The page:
This is not a perfect analogy - these businesses are private sector organizations pursuing, largely, product innovations. But it proves two things: one, that organizational design and discrete factors can massively influence outcomes, and two, that comparative analysis of innovation models is possible.

Macro-level Innovation Experimentation in Government

It'd be relatively easy to create a rough framework of government innovation labs such that we could look back in a year and critically assess successful characteristics and trends. It would make it easier for labs' genetic material to mix, and allow them to productively evolve into future iterations.

This could look something like this:

And include any number of other variables: how projects are approved, how budgets are structured, what projects were undertaken, how many, and so on. Labs could be assessed regularly, perhaps on an abstract colour scale (say, from Cadmium Red to Burnt Umber) to avoid strict rankings.

The point wouldn't be a thorough understanding of individual labs, but a rough, easy-to-generate overview from which to generate hypotheses about general conditions for innovation lab success.

All of which could maybe bring us closer to the goal of standardizing innovation.

Thoughts? If there's any interest I think we could hack this together on GCconnex pretty quickly. 

Friday, February 13, 2015

Why Governments Would Never Deploy Adobe's Kickbox and Why Maybe They Should

by Nick Charney RSS / cpsrenewalFacebook / cpsrenewalLinkedIn / Nick Charneytwitter / nickcharneygovloop / nickcharneyGoogle+ / nickcharney

Earlier this week Adobe's employee innovation program Kickbox got a lot of attention online when the company announced they were open sourcing the entire thing. Given that this just hit the ecosystem this month I'm still poking around on the site. That said, I'm impressed by the overview and dig that they have a separate section for senior folks looking to deploy Kickbox in their organizations and another featuring the core contents of the program (in fact, it reminds me a lot of the approach to public sector mutuals in the UK).

Kickbox tl;dr 

Kickbox is a two-day innovation workshop built around a starter-kit for would-be innovators. The workshop is designed to remove typical barriers to innovation: money, a process, innovation tools, and energy (caffeine and sugar); short (PR) video below:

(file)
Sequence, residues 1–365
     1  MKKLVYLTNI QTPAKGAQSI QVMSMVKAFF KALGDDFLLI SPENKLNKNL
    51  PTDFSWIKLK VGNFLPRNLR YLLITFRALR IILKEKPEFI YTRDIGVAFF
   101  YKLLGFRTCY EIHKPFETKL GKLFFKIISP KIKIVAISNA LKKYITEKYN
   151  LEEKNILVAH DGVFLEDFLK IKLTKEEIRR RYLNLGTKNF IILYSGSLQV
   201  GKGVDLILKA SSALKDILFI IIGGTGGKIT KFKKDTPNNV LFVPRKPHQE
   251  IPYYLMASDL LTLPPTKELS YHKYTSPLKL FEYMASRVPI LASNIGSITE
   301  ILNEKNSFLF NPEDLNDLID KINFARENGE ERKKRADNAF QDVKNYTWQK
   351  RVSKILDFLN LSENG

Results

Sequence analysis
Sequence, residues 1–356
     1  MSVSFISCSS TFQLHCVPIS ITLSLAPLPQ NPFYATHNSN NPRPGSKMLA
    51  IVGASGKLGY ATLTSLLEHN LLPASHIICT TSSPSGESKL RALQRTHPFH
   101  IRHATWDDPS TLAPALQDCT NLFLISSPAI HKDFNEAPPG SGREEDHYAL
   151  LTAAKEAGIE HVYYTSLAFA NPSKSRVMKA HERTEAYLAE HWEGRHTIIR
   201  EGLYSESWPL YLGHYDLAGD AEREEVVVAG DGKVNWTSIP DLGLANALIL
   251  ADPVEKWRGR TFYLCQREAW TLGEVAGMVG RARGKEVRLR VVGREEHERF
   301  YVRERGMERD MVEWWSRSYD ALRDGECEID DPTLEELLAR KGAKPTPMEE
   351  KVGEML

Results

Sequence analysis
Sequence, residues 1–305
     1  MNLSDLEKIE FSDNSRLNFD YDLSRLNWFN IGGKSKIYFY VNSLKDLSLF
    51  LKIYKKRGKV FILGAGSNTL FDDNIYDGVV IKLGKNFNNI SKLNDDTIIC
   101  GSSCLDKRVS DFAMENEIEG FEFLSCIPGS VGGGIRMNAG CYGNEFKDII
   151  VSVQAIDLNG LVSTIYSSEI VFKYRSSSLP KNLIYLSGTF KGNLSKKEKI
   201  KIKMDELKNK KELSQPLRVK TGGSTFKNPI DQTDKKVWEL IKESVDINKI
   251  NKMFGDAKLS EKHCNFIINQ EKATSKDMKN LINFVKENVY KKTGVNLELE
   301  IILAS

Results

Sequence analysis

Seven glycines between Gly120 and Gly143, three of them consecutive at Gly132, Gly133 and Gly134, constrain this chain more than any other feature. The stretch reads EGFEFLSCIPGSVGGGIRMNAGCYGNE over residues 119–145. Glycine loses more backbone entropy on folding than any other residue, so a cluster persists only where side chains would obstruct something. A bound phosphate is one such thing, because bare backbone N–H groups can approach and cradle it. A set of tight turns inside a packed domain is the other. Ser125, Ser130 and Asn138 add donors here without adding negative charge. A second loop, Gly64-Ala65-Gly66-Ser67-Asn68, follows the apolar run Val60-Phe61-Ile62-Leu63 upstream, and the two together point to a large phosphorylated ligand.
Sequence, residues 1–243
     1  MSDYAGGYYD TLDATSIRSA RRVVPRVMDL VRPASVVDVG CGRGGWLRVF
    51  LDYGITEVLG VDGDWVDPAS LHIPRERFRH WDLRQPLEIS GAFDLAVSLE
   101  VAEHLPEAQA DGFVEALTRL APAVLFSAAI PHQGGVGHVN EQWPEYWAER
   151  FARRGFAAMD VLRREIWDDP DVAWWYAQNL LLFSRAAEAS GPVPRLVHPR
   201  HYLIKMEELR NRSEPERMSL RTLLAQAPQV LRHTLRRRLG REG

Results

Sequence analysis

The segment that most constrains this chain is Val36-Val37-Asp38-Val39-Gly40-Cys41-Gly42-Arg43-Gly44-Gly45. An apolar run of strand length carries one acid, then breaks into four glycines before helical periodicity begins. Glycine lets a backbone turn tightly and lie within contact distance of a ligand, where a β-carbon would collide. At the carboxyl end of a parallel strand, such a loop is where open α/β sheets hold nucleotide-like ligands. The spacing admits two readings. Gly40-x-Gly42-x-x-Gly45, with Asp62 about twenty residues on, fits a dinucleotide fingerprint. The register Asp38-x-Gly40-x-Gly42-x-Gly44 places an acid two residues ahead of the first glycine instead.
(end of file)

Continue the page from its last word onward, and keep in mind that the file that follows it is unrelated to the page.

Kickbox explained

For a more complete overview of the Kickbox program (which has been operating for the last 18 months) I suggest watching Mark Randall's presentation at the Lean Startup Conference embedded below.

Deflecting your early skepticism

Yes, you are right, Kickbox is likely as much about good PR for Adobe as it is about innovation. However, the fact that they open sourced it in its entirety should be taken as evidence that it has paid dividends for the company, that Adobe thinks its content can stand up to scrutiny on the web, and that it will attract talent that shares its values and commitments. I, for one, plan on having a closer look in the weeks ahead.

Why Governments Won't Use Kickbox

Because it would never work here.

Because our accountability culture makes it easier to approve $24,500 on a sole source contract than to approve 25 individual spends of $1,000.

Because not every $1,000 expenditure could be directly tied to a demonstrable 'innovation'.

Because every failed attempt will be met by the ruthless faux outrage that dominates our public discourse.

Because the relative safety of the status quo is easier for people to bear than the uncertainty of experimentation and failure.

Because backing such an experimental approach in spite of the lack of incentives to do so would require courage and constitute a heroic act.

Because once we've committed to a particular course of action, pursuing multiple and possibly competing strategies would likely be considered by many poor form rather than healthy experimentation, or more plainly A/B testing.

Why not A/B Test Innovation Labs and Kickbox?

Kickbox is built around the idea that innovation can happen anywhere — that if you lower barriers to participation and equip people with the right tools and resources, they can ideate quickly, lever their networks, and experiment at extremely low costs. As a result, Kickbox is a 'fail fast' approach to innovation and focuses more on building the innovative capacity of people (e.g. how they approach problems and the networks they have to solve them) rather than delivering a particular innovation or series of innovations. In short, it moves the organization as a whole towards thinking about problems and how to solve them differently today (and tomorrow) than it did yesterday.

Labs are fundamentally different. They centralize rather than diffuse the innovation function, create new institutional costs, situate those costs firmly within a subsection of the hierarchy, and reinforce the status quo of situational power structures where access and information are the ultimate sources of influence. As a result, labs are vulnerable to the same bureaucratic pressures that slow innovative forces in the rest of the organization. They are inherently exclusive (not everyone can work in the lab — that would after all undermine its very essence), which means that they are more focused on building and diffusing innovation rather than building widespread capacity for innovation.